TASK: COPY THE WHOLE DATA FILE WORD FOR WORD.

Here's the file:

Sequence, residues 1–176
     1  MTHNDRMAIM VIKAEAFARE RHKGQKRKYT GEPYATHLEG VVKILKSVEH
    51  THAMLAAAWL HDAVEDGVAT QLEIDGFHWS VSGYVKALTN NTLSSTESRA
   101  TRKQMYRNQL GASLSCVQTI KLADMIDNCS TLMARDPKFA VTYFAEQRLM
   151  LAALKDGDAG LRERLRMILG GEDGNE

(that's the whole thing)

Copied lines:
Sequence, residues 1–176
     1  MTHNDRMAIM VIKAEAFARE RHKGQKRKYT GEPYATHLEG VVKILKSVEH
    51  THAMLAAAWL HDAVEDGVAT QLEIDGFHWS VSGYVKALTN NTLSSTESRA
   101  TRKQMYRNQL GASLSCVQTI KLADMIDNCS TLMARDPKFA VTYFAEQRLM
   151  LAALKDGDAG LRERLRMILG GEDGNE